The Great Debate
The world of weightlifting has always been surrounded by controversy. Endless theories exist on the most effective lifting methods, dieting restrictions, and supplementation usages. Among these arguments lie one great debate, the unanswered question… the role of alcohol in the weightlifting world. While SwoleScience does not have the key to this unanswerable puzzle, we do take a stab at the issue and put our opinion out there for you readers, along with how to manage the adverse effects of alcohol.
The role of alcohol has been approached from all ends of the weightlifting spectrum throughout the years. I’ve been told that one night of drinking ruins 2 weeks of gym progress. I’ve heard highly regarded trainers and nutritionists claim that building muscle while drinking alcohol is physically impossible. And I’ve also heard from the pro-alcohol end of the spectrum touting the harmlessness of a night of partying. Hell, Arnold famously crushed beers post-workout for some simple, enjoyable carbs. He didn’t seem to have too much difficulty putting on some size.
So what’s the best answer?
In all honesty, there may not be one. When it comes down to it, the weightlifting and drinking lifestyle decision needs to be an individual one, based upon individual goals and preferences. If you’re 3 weeks out from a show and your dream is to one day grace the Olympia stage, then consistent boozing really isn’t for you. If you’re a serious lifter and an equally serious partier, then there’s probably nothing wrong with taking some tequila shots with your boys on a solid night out. That’s partially why you lift so hard, right? To be the biggest dude at the bar. If you’re still not sure what your goals are, step back and gauge the situation and your own body. Some people are blessed with the genetics to drink heavily and not see significant adverse effects, and others aren’t as fortunate.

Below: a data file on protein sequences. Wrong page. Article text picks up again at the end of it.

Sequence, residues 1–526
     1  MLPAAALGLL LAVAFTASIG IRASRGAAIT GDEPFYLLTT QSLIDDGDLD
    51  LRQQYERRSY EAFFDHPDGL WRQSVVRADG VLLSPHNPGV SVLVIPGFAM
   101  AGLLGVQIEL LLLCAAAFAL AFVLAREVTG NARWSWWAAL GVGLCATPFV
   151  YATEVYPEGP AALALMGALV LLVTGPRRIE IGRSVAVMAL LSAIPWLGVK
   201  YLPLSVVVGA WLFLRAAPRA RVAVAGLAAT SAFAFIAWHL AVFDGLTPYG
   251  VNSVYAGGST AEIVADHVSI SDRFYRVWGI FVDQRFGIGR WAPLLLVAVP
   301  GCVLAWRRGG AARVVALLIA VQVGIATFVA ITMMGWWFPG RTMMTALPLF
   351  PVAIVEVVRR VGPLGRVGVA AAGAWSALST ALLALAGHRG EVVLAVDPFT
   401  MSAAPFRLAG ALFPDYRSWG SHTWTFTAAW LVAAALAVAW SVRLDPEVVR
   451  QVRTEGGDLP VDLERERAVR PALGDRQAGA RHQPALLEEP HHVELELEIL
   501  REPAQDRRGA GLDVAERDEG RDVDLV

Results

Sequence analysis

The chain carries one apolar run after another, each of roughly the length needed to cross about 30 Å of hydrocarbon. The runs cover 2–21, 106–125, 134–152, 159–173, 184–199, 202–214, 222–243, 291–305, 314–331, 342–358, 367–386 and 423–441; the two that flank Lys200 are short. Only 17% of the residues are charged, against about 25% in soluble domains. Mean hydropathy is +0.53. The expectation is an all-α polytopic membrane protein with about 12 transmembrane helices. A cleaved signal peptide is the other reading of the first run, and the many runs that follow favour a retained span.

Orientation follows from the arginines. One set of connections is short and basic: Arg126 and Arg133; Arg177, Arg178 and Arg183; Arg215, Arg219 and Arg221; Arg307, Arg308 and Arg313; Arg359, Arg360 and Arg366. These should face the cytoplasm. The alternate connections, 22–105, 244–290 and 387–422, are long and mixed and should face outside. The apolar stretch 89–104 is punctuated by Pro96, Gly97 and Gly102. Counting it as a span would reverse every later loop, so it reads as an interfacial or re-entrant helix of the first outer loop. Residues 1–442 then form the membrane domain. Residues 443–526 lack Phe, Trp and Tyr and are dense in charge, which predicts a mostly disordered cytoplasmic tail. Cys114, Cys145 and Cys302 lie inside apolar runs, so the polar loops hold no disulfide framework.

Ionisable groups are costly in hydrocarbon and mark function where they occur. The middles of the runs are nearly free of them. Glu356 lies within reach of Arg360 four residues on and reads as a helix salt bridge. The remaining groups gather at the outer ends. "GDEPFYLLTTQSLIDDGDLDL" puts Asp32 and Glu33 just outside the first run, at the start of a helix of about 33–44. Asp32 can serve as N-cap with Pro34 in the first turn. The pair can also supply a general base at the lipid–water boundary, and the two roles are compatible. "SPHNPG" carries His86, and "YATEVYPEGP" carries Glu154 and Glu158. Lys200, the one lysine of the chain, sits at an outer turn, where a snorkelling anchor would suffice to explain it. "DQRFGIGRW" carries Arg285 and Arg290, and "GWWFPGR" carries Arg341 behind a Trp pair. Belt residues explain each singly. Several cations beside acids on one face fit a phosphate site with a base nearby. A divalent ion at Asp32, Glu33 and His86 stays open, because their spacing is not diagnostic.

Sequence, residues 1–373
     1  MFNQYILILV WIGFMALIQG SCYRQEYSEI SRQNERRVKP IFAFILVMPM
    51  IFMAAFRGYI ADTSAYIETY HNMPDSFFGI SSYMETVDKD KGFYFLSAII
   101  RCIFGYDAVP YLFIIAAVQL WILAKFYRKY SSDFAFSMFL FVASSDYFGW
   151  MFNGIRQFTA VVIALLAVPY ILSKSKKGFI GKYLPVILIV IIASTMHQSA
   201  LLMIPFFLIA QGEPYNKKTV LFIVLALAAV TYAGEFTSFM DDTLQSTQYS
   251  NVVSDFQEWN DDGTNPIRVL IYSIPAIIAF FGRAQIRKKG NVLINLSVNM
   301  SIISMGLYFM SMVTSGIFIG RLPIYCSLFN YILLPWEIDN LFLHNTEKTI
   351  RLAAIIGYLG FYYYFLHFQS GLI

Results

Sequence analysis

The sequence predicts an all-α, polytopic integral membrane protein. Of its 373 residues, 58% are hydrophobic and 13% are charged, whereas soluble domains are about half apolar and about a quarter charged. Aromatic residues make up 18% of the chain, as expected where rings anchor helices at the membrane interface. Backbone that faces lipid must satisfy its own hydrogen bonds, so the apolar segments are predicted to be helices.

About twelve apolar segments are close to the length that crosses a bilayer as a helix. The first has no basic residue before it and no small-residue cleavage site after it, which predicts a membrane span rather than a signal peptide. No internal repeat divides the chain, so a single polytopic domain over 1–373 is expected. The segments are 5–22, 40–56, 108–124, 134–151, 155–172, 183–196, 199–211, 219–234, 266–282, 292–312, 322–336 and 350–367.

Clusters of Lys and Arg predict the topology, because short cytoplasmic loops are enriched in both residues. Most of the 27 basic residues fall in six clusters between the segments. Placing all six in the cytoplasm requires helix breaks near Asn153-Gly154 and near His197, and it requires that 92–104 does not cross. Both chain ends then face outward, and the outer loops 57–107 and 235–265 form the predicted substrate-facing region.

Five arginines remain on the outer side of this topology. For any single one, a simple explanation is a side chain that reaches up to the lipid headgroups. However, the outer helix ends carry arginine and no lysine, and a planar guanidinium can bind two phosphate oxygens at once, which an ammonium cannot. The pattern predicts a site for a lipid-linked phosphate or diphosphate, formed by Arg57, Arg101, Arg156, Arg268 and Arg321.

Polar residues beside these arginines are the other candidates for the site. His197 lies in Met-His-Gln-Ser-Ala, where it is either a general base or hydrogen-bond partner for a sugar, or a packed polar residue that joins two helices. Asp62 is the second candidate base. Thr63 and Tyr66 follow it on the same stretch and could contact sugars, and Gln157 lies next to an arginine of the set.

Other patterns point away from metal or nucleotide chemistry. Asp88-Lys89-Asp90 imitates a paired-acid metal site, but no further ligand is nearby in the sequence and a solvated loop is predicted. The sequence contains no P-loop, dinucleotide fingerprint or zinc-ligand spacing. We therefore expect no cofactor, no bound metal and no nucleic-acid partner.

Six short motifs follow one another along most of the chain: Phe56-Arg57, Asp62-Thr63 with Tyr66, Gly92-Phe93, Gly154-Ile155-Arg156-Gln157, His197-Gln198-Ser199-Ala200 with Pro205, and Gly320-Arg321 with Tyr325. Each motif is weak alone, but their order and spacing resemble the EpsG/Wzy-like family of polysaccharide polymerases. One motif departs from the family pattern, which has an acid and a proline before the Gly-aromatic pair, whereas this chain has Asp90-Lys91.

Best ways to handle the adverse effects of alcohol
First and foremost is hydration. Alcohol is an extremely strong diuretic which is going to drain your body of fluids and thus cause massive dehydration and the ensuing hangover. You’ve probably heard it many times- ‘drink water before you go to bed’. Yet, once your already intoxicated, full, and/or sleepy, chugging obscene amounts of water at one time is the last thing on your mind. In order to alleviate the ‘end of the night water chug’, what is the method? well, Gunter Schlierkamp said it best in his exclusive interview with SwoleScience when he gave his personal advise- “Now here’s a good tip, especially if you’re weighting or bodybuilding and you have to go workout the next day. If you go out and someone wants to get you drunk, every second or third drink, have a half-liter of water, and you will be fine. All it does is dehydrate you, and it messes up your whole balance of your body, so If you keep drinking water you will flow everything out and keep your body balanced with liquids, and this is why you have a hangover, people just don’t drink water (laughs).” Besides, muscles are comprised of 70% water, and we cannot be losing that.
Second, pace yourself. Research has shown that massive amounts of alcohol very quickly overload the brain and cause what is known as a ‘black out’, which is very hard to recover from once the brain has ‘reset’. A slower pace will not only allow better management of your alcohol level but increase the probability of you remembering where you left your car and who you were texting at 4am.
Third, take some vitamins either before/during/after. Alcohol blocks the assimilation of the very important versatile B vitamins, along with flushing out many of the body’s important vitamins and minerals which can leave you feeling weak, dizzy, hazy and completely awful.
These remedies sound simple but there is no ‘miracle’ cure to prevent or cure the effects of a hard night out but through these simple task you can mitigate the damage to your body. Always listen to your body and come up with the solution that is the most effective for you and your weightlifting goals. Alcohol is a very prevalent social lubricant in society and if you choose to drink, managing it responsibly for your health and fitness goals is key.
Stay Swole my friends
-Jacked Daniels and Papa Swole
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